Briana runs in the door of her child care center, leaving behind her mother, who is still coming up the steps. She flings a hasty “Hi” at the teacher seated by the door, glances at the interesting “science” display set out to capture the interest of the arriving children, tosses her coat at a hook on the rack by the door, and runs into the classroom with her teacher on her heels.

“Whoa,” says her teacher good-naturedly. “Let’s go back and do that again.” She gently guides Briana back toward her coat on the floor, where her mother waits. Briana kisses her mother good-bye and then starts to take off again. Her teacher grabs her as she goes by. She patiently reminds her again to hang up her coat, which Briana does hastily. Then, released from the teacher’s grasp, the lively girl takes off again into the classroom at a fast clip. She heads straight for the art table, which is set up with wood scraps and glue. She elbows her way into a spot at the table, finds an interesting assortment of wood within reach, and begins applying glue to various pieces, which she stacks one on another. She works busily for quite a while, absorbed in what she is doing. After her flighty entrance, the focused attention is quite a contrast. At last she looks up from her project. Turning to a boy sitting next to her, she remarks, “I’m making a house.”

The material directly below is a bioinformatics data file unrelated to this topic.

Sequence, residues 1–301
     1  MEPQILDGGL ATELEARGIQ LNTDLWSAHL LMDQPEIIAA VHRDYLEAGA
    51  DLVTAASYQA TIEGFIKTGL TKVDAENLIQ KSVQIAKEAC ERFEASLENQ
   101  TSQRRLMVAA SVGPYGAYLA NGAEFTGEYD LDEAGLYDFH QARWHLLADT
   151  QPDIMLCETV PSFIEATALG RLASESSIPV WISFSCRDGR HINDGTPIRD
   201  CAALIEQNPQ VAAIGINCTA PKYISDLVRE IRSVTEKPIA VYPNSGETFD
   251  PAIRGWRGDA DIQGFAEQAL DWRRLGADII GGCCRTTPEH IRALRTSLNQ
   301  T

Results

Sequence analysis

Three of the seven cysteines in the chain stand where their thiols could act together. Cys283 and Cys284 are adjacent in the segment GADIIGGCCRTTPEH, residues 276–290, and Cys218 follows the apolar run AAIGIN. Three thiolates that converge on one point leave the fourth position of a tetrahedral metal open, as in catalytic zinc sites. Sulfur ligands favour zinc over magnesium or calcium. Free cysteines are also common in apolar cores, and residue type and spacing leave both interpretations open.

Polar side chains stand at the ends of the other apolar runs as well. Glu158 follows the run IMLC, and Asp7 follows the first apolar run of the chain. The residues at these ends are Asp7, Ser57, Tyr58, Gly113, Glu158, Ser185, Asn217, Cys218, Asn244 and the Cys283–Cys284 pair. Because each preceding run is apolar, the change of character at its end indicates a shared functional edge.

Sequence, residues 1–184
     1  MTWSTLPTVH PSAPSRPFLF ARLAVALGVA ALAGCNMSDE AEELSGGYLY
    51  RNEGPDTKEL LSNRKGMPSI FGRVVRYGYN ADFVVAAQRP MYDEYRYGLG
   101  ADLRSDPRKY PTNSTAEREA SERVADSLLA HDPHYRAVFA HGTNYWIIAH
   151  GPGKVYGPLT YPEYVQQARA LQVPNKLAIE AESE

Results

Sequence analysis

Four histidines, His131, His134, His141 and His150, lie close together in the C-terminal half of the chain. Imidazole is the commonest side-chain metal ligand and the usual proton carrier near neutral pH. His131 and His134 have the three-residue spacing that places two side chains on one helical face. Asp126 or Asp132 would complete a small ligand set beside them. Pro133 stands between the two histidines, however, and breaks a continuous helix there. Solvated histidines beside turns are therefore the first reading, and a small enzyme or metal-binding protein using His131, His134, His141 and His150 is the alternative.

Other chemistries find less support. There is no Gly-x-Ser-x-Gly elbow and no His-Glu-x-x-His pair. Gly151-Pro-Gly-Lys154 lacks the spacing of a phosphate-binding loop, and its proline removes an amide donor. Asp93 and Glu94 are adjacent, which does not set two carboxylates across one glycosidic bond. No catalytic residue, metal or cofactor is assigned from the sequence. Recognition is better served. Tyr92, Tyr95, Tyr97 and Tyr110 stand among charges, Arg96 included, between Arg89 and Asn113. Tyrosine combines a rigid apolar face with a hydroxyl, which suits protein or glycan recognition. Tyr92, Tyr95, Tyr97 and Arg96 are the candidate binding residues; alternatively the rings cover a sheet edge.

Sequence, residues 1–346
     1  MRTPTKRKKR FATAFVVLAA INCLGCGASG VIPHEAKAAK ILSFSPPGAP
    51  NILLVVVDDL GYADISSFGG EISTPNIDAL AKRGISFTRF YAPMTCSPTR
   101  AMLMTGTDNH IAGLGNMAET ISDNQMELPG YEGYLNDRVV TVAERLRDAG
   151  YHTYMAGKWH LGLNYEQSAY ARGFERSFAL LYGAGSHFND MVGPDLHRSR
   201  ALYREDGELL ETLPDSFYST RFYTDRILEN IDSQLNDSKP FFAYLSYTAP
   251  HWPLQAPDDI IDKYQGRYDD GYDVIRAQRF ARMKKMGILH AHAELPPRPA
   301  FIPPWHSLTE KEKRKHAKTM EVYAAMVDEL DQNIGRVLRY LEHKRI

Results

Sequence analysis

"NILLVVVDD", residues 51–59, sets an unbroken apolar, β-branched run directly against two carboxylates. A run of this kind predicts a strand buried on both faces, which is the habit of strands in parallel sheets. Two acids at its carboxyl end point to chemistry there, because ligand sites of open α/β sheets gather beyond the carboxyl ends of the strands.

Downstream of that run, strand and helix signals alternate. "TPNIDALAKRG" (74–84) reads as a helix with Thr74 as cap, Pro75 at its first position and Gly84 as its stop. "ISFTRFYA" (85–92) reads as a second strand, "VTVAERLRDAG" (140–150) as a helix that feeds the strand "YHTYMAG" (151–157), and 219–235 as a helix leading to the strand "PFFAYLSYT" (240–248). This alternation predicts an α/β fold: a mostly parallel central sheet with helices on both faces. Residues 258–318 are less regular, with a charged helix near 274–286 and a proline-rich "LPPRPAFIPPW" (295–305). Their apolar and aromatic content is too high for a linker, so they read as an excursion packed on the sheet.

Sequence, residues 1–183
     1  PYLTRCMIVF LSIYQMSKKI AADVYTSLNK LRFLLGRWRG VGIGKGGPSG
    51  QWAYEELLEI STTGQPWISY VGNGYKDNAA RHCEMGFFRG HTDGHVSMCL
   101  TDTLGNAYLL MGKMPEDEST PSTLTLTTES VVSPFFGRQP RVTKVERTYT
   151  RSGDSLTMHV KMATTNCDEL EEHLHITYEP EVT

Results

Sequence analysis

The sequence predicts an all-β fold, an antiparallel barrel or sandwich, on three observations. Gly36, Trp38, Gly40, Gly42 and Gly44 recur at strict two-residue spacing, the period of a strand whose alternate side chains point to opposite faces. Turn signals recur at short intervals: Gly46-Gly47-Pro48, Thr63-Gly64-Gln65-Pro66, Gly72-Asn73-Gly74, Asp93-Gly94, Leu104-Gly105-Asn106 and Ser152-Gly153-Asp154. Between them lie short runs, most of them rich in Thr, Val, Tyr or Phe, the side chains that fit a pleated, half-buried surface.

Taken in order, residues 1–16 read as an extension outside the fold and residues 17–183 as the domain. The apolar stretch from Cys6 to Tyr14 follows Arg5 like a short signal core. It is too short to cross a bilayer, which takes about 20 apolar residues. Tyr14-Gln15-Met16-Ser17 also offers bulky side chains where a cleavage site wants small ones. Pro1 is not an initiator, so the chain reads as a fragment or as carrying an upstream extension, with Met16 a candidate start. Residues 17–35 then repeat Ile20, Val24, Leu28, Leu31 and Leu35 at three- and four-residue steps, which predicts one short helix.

He answers, “I’m making a spaceship. See how it launches?” He waves his creation in the air several times. Briana ducks and then turns to the boy on the other side of her. “My mommy’s gonna have a baby, and I’m making her a bed,” says Briana. The boy ignores her, concentrating on his gluing. Briana goes back to work on her project, concentrating her whole attention on the wood in front of her.

“I need scissors,” says Briana to the teacher, who is seated at the end of the table. “I need to put something here,” she says, indicating a spot on her wood project. The teacher looks interested and says, “You know where the scissors are.”

Briana gets up with her creation in her hand and dances to a nearby table set up with scissors, crayons, various kinds of paper, hole punches, and tape. She sits down at the table and carefully chooses a piece of yellow paper. She painstakingly cuts the paper into an irregular shape, folds it in half, and glues it on a piece of wood sticking out at a right angle from the central core of her work. It takes her about 10 minutes to complete this task. She gets up to leave and then turns back to the table, picks up the paper scraps

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she left there, and hurriedly glues them on, too. Then she grabs a pencil, writes a B on the paper, then another B, and then a third. She then “flies” her sculpture over to the art table and passes it under the nose of her teacher, saying, “I wrote my name on my art.”